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Where does 9600 bps come from?

We use serial communication all the time. But why are we using multiples of 300?

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I was recently putting together a lecture on protocols when an interesting question popped in my head: Why do I constantly use 9600 bits per second to communicate with stuff? There are a huge number of systems that rely on asynchronous serial. Why did we end up using 9600 instead of 10,000, or perhaps 8192 (213) bps? It turns out we use 9600 bps because of the reaction time of carbon microphones.

Back in the dawn of computing, you needed a thing to attach your computer to a phone line. You needed an acoustic coupler!

Computer connected with acoustic coupler

An early teletype connected to the phone network from UMSL's Grace's Place

An acoustic coupler has the same bits as the handset just in reverse. A telephone handset is placed in a cradle designed with rubber seals to fit snugly around the microphone and earpiece of the handset. The microphone part of the handset picks up sounds from the speaker in the cradle, and the earpiece in the handset broadcasts sounds to a microphone in the cradle. (Based on a description from UMSL's Grace's Place)

Once you had your computer beeping and blipping over the phone lines you could transmit data. But, for those of us who remember phone lines, the audio was often filled with static, making it difficult to understand the person talking. Computers had similar issues:

Acoustic coupler

-> From Wikimedia <-

From retrocomputing on stackexchange:

110 and 300 baud were chosen at the time primarily because both modems were intended to be used over copper wire and "unconditioned" telephone lines, with at least one part of the connection going through an acoustic coupler. The worst-case for acoustic couplers talking to carbon microphones is somewhere around 300 baud. Since this is a worst-case, this is what we get.

Microphones designed for human conversation in the 1950s and '60s were unable to react faster than 300 times a second, thus limiting reliable signal switching to 300 a second. It’s important to note that 300 baud is not 300 bps due to different encoding methods, but this seems to be the origin of the 300 divisor of modern serial communication rates.

Phone lines also had issues:

Bell 103 - Asynchronous data transmission, full-duplex operation over 2-wire dialup or leased lines; 300-bps data rate. Ideal for the "low demand" user who exchanges files infrequently with another PC user or an on-line bulletin board. Comparable to ITU V.21. This modulation is well suited for bad phone lines – as the communication guys use to say, "103 modems will work on barb wire." Source

I need to use more barbed wire in my projects!

The acoustic coupler origin story is similarly intriguing. Couplers were necessary only because AT&T was concerned about third-party devices bringing the phone grid down (and losing their monopoly), so they made electrically-connected devices illegal. Thus acoustic couplers were created to provide an air-isolated buffer between the phone network and your DIY, home-brew computer. Thankfully the FCC ruled in 1968 that directly-connected devices would be allowed, and communication speeds steadily increased.

Old text adventure game called LORD

From gamespy

Now I’m going to go play Legend of the Red Dragon in tribute to my 14.4 kbps modem and the BBS I ran when I was in middle school (geeks don't die, they just change games).


Comments 17 comments

  • Sorry Nate, not quite right. The 300 bps was not because the telephone carbon mics couldn’t handle higher frequencies but more a result of the properties of copper wire and human hearing. In fact, the mics were not designed to pass frequencies below about 300 Hz because human hearing falls off rapidly below this frequency and lower frequencies add little to the intelligibility of speech. Similarly, above about 3500 Hz., cable attenuation rises sharply and again, hearing acuity drops off. So for decades, telephone systems were optimized for 300-3500 Hz. For this reason, the 300 bps modems used frequency shift keying at frequencies between 1070 and 2225 Hz. The bit rate limitation was mostly a result of the time it took to reliably detect the frequency shifts with the technology of that time. When the modem spec was released in 1962, the mainstream technology was discrete transistors (still a lot of germanium): no ICs, no microprocessors. I don't recall exactly, but the early modems might have even used LC filters. The UART (called a distributor in those days) in the Teletype Model 33, which was the workhorse as your photo suggests, was a mechanical affair with one electromagnet and some clutches and gears. It was limited to about 110 bps, so there wasn’t much economic incentive to have higher speed modems.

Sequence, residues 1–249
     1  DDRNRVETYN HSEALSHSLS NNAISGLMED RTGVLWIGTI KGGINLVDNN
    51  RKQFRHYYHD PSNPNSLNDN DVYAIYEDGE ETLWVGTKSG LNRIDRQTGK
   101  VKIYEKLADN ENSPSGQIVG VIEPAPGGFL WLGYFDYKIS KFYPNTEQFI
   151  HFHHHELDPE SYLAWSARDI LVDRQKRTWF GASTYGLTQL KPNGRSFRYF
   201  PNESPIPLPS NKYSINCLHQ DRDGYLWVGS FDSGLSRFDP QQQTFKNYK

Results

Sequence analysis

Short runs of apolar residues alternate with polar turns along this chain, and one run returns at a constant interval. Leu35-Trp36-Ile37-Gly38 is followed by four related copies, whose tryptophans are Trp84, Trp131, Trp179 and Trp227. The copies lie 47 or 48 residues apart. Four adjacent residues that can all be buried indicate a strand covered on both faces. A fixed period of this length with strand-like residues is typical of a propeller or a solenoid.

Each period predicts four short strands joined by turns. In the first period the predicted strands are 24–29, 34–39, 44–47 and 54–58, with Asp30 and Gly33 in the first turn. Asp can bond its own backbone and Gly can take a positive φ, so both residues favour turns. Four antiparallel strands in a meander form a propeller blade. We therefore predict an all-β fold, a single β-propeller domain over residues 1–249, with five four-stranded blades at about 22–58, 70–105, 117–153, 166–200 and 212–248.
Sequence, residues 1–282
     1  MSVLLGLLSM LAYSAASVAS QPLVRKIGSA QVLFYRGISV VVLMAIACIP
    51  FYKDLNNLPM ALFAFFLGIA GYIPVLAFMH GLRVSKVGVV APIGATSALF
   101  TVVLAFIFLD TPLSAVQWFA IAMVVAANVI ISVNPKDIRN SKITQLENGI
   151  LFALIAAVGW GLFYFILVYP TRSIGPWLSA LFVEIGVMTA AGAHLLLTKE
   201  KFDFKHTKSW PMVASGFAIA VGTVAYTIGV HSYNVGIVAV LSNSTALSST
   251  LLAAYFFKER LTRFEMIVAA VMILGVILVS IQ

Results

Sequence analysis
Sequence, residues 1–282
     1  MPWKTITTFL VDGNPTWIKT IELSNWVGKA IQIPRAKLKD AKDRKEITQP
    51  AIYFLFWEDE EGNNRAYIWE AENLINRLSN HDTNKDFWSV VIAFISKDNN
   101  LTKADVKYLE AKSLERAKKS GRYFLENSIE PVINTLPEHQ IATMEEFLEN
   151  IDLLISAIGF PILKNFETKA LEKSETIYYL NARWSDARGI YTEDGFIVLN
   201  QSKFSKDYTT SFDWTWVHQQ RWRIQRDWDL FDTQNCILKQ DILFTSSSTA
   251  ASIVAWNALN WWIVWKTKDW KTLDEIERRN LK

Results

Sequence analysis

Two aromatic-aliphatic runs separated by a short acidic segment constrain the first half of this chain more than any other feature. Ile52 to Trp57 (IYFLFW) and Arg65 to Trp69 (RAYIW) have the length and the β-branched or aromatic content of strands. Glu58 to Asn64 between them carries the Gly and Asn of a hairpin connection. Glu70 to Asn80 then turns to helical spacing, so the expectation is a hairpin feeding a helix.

• You don't explicitly draw the connection, but I assume 9600 was chosen because it's 32 * 300? Likewise, 38400 = 300 * 128, and 57600 = 300 * 192.

    Also, LoRD lives on, in the form of legend of the green dragon, and it's just as fun as you remember.

    • Actually, it has to do with encoding. Up to 2400bps the baud rate and bit rate were equal. After that, you got increases by encoding multiple bits per symbol. 9600bps was four bits per symbol at 2400 baud. 14.4kps, 28.8kbps, and 33.6kbs were encoded on a 3429buad symbol stream.

    • You're correct. Sorry it wasn't clear! Once 300 became the standard multiple, 9600bps ended up being a sweet spot of processing power and reliability for the machines that needed to communicate during the 1980s and 1990s. At some point the number of devices that supported 9600bps became a tipping point. Today, where processing power is less of a concern, the momentum of the sheer number of devices that communicate at 9600bps (and 57600 and 115200) now dictate the further device support at these serial comm rates.

      Oh, and LoGD looks great!